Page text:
As I was running later than expected, I was in two minds as to whether to fill up my petrol tank on the way in; I did, and still arrived at 10:25. Once again I was directed to park near the top of the northern car park, close to the railway crossing. One benefit of arriving close to opening time is the fact that, by the time I’ve walked to the entrance, the turnstiles are already open and the queues have disappeared.
The breeze was stiff and very cold today; even worse to the racecourse side of the stands. Having worn my Hotter ankle boots today, I didn’t feel like investigating the condition of the members’ lawn on day two. It had been a nightmare to clean my snow-boots and I’d already chickened out of wearing them today. Bearing all this in mind, I decided to base myself on the upper crescent of the steppings, overlooking the Winners’ Enclosure. It would afford a different perspective for my photographs; besides, I didn’t feel I’d been particularly successful yesterday, with my photography at the rails.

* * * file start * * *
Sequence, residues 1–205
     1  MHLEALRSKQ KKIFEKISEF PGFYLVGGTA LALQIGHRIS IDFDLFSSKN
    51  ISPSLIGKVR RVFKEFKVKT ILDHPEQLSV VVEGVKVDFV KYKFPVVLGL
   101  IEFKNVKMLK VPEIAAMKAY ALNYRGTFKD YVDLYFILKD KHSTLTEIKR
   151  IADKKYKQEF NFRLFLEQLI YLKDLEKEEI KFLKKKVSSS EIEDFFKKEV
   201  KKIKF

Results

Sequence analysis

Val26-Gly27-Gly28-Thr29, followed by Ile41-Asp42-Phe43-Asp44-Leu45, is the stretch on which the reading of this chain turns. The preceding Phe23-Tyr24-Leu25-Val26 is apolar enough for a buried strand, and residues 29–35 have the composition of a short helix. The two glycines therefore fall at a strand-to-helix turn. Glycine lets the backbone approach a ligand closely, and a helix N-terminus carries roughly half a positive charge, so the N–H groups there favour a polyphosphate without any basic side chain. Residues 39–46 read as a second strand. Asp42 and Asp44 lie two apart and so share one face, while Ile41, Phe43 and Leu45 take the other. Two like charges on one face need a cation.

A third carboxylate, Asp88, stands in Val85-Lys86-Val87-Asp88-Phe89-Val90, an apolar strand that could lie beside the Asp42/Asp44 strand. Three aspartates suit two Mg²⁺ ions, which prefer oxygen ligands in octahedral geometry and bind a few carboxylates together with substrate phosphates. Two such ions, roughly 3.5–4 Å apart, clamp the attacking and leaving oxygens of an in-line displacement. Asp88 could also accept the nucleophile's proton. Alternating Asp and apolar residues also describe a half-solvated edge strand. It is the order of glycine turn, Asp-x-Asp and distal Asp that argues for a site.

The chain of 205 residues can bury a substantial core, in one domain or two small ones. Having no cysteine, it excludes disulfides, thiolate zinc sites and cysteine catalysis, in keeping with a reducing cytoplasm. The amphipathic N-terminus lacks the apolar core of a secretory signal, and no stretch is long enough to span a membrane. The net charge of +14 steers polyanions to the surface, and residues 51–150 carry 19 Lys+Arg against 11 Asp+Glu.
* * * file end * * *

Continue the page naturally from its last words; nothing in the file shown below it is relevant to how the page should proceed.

I did actually venture into the centre of the racecourse for the cross-country event, and the members’ lawn wasn’t all that bad after all – I think it must have been rolled overnight, and the wind would have dried it too. In fact it was the only time during this year’s Festival that spectators were permitted to cross the racecourse; the recent snow and rain having put additional wear and tear on the track without human footfall exacerbating this.
The favourite for the first race of the day was the Gordon Elliott-trained Samcro, ridden by Jack Kennedy; price 8-11.
There were no specific runners of interest in this race.
The race was won by the aforementioned Samcro, by 2¾ lengths.
The favourite for the next race was Presenting Percy, trained by Patrick G Kelly and ridden by Davy Russell.
There were no specific runners of interest in this race this year.
Presenting Percy duly obliged, by 7 lengths. Unfortunately the ultra consistent Black Corton was no match for the winner, and finished 5th.
Ruby Walsh’s mount, Al Boum Photo, fell at the second last and his jockey had to be assisted to walk back; it didn’t look good for Rupert ...